Dispatches from Antarctica: South Shetland Islands

  • Jan 06, 2013
  • 672 words
  • 3 minutes
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Elephant Island fills my camera’s viewfinder — the legendary island reaches up to the sky with its dark precipitous mountains. An eternity of snow and ice clings to what seems like impossible angles. We scan the shore looking for Point Wylde — the spit of a beach where Shackleton’s men spent five months waiting to be rescued. Hope was their only salvation; could Shackleton, a.k.a. the Boss, reach South Georgia and come back for them? I have just sailed from South Georgia on a 300 ft expedition ship to this wild inhospitable place. Its raw natural beauty is unmistakable, but to be left on that beach and think that someone could sail a 22 ft wooden boat, named James Caird, 1,250 kilometres over one of the roughest bodies of water on the planet is hard to fathom.

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Photographers get close to chinstrap penguins at Turret Point, King George Island, South Shetland Islands. Photo: Rob Stimpson
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Tourists on a hike at Turret Point, King George Island, South Shetland Islands. Photo: Rob Stimpson

That evening, we reach the top end of the Weddell Sea. It is frozen solid from east to west, an area of 2.8 million square kilometres! The winter ice has not receded since September, the beginning of spring in the southern hemisphere. Our ship runs a course along the edge of the pack ice. The seemingly endless daylight hours of the polar summer are beginning; it is 10:30 pm and as bright as day. Penguins bask on an iceberg as we pass by, oblivious to our presence.

Antarctic Sound was our original destination, but the ice has choked our planned route. We set our sights for King George Island in the South Shetlands, an archipelago of islands that sits about 100 kilometres off the coast of Antarctica.

Morning brings large ocean swells and brisk winds on King George Bay — not the best ingredients for an outing. I am driving the zodiac with some photographers onboard. They do not care about the waves — they want images.
We make our way across the bay, riding up and over the waves, sliding down into the troughs — repeat process. Luminescent aquamarine icebergs don’t seem real. Cameras fire at six frames a second; it doesn’t take long for the photographers to fill their digital cards.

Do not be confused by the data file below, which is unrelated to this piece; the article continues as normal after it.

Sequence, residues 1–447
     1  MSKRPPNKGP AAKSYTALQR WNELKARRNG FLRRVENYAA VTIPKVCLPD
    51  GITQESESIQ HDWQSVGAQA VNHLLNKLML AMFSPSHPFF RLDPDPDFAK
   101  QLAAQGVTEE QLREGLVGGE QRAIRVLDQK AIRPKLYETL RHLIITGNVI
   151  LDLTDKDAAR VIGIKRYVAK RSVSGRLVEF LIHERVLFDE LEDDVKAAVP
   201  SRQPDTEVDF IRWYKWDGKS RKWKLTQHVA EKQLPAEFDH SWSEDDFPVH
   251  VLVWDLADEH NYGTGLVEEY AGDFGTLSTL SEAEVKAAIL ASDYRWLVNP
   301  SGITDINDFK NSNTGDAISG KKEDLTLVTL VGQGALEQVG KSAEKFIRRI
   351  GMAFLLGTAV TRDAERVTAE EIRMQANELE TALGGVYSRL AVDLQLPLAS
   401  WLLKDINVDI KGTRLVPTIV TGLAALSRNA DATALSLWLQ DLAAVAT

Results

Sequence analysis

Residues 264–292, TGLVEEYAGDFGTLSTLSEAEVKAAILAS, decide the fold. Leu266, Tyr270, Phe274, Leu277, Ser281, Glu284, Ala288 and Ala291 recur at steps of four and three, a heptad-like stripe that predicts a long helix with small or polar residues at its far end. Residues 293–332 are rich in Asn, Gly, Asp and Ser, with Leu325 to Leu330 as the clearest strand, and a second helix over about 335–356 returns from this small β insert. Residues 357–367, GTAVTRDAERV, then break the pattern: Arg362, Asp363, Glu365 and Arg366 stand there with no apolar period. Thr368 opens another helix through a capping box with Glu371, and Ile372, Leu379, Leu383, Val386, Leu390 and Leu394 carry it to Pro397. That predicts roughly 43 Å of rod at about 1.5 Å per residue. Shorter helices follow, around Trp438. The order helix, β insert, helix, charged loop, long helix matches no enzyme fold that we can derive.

Then it is Turret Point, a rocky rise of land with nesting giant southern petrels, elephant seals and chinstrap penguins. Spring here is much like late winter at home: corn snow and many opportunities to leave a posthole as you break through the surface of the snow without warning, which I managed to do on a few occasions!

Our ship moves further south along this archipelago of islands through the Bransfield Strait, which is quite cooperative. The last time I was sailing here, 70-knot winds were sweeping in from the Drake Passage. We make our way towards Deception Island, an active volcano. On this trip, we arrive in the early morning and make our way through a breach in the caldera into the c-shaped island.

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Hikers navigate through Neptune’s Window, a gap between rock pillars, on Deception Island, South Shetland Islands.
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Storage at an abandoned whaling station on Deception Island, South Shetland Islands.

Travelling through the narrow opening, known as Neptune’s Bellows, we are greeted with sun and calm winds. This is a total change from the usual Deception weather: high winds and low-hanging cloud. It seems the sun never likes to shine here, but today we are being thrown a bone. Whalers Bay is our landing spot. It is here where we find the ruins of the whaling station abandoned in the 1930s. This is a desolate place; one wonders how the whalers fared here. The photography is a change from what we are used to — buildings, graves and black volcanic sand are the subjects of the day.

Rob Stimpson is a professional photographer onboard a cruise to Antarctica with One Ocean Expeditions.


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